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Damning Report on Illinois Scandal
When the Chicago Tribune revealed in May that the University of Illinois had used a "clout" admissions system -- in which trustees and senior administrators pressured admissions officers on behalf of politically connected applicants -- the university insisted that its admissions system was fundamentally fair and running well.
B. Joseph White, president of the university system, issued a statement at the time in which he said that tracking applications from the politically connected applicants "does not and should not translate into inappropriate pressure for admission," that the numbers involved were small (160, he said), that the university "does not succumb to pressure." He noted, further, that the article "makes no assertion that unqualified individuals were admitted to the University. This must always be the case."
On Thursday, a special state panel created to investigate the allegations raised by the Tribune issued a report consistent with the newspaper's findings and raising questions about much of the university's initial statement playing down the articles. There were actually 800 applicants placed on the "clout list," senior university administrators did in fact routinely pressure admissions officers to admit them -- in a number of cases after decisions had been made to deny admission -- and applicants who were more qualified than those admitted were in some cases denied admission.
"In scores of instances, the influence of prominent individuals -- and the university’s refusal or inability to resist that influence -- operated to override the decisions of admissions professionals and resulted in the enrollment of students who did not meet the university’s admissions standards -- some by a considerable margin," the report says. "In this way, sponsorship by prominent individuals at times became a heavy thumb on the scale, giving advantage to clouted applicants, who were typically from affluent backgrounds, and unfairly disadvantaging those in the general applicant pool."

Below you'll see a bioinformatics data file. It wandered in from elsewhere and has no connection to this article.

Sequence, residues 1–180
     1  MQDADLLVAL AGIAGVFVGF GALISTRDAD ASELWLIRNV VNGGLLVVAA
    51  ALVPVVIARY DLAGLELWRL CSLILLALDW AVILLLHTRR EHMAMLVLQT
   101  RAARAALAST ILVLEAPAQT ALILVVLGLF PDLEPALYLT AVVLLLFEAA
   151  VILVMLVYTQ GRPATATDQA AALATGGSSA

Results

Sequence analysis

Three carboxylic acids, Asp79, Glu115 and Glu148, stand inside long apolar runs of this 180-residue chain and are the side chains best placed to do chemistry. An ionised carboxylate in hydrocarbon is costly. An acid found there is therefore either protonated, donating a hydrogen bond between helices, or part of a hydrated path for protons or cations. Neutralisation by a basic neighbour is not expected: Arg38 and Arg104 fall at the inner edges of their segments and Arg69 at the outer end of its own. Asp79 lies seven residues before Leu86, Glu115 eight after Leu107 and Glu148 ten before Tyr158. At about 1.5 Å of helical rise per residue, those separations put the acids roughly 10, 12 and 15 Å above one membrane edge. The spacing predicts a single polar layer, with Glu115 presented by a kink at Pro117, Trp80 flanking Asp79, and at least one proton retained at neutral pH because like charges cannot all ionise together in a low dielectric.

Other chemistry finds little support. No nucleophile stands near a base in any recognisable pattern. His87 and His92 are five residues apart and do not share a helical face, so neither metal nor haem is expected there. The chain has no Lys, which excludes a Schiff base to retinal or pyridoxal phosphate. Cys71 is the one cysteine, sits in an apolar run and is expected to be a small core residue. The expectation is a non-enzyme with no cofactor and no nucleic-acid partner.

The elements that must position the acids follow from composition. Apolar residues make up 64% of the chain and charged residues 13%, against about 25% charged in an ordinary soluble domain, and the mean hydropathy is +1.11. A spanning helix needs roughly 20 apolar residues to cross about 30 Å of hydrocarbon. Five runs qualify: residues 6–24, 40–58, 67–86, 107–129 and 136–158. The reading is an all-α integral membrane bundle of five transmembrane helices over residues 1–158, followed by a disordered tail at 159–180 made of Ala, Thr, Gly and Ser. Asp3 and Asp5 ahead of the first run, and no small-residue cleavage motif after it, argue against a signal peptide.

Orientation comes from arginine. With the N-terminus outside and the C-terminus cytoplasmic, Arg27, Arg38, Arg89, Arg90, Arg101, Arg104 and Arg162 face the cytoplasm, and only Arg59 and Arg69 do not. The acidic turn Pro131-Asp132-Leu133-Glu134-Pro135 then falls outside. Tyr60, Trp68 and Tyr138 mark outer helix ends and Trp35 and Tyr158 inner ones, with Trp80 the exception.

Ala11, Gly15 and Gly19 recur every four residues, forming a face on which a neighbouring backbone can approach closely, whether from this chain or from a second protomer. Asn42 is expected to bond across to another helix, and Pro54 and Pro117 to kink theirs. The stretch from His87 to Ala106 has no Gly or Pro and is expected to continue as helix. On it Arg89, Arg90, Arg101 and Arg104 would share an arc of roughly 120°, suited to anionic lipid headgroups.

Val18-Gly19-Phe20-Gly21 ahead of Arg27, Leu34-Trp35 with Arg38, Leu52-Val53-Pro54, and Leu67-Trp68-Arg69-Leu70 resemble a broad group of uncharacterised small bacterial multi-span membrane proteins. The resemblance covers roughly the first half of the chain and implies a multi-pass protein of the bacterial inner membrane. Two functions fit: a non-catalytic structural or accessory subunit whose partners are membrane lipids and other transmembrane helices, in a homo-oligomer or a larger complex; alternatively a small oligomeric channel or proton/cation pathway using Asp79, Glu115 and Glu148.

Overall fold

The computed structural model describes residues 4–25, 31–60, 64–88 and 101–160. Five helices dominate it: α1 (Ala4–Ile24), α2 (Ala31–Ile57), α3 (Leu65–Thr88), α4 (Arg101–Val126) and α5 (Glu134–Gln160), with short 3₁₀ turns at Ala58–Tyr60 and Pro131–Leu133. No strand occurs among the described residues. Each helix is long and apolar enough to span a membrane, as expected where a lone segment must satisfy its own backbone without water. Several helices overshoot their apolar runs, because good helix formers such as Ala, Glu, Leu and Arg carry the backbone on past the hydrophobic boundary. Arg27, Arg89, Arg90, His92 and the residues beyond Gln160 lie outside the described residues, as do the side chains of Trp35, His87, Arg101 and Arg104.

These admissions offers "resulted, at least in part, from pressure applied by sponsors that high-ranking university officials, in turn, channeled to subordinates involved in making admissions decisions. In so doing, these officials routinely did nothing to block or diffuse the pressure (or, worse, amplified it), and thereby signaled their own endorsement of the applicants," the report added.
The admissions system in which candidates with clout were considered separately "derived its lifeblood from the active participation of, and tone set by, those at the top of the university. Numerous persons -- both within and outside the university’s administration – bear responsibility for compromising the fairness and integrity of the admissions process."
The panel found that individual trustees "personally participated in admissions applications in a manner that demonstrated a disregard for University-sanctioned principles of ethical conduct and fair dealing and lapses in judgment." Further, the panel said that President White "failed to exercise appropriate oversight of persons who reported directly to him and who, on a regular basis, engaged in admissions related abuses" and "personally participated in admissions applications in a manner inconsistent with university-sanctioned principles of ethical conduct and fair dealing."
And the panel found that Richard Herman, chancellor of the flagship campus at Urbana-Champaign, "personally and extensively participated in admissions applications in a manner inconsistent with university-sanctioned principles of ethical conduct and fair dealing."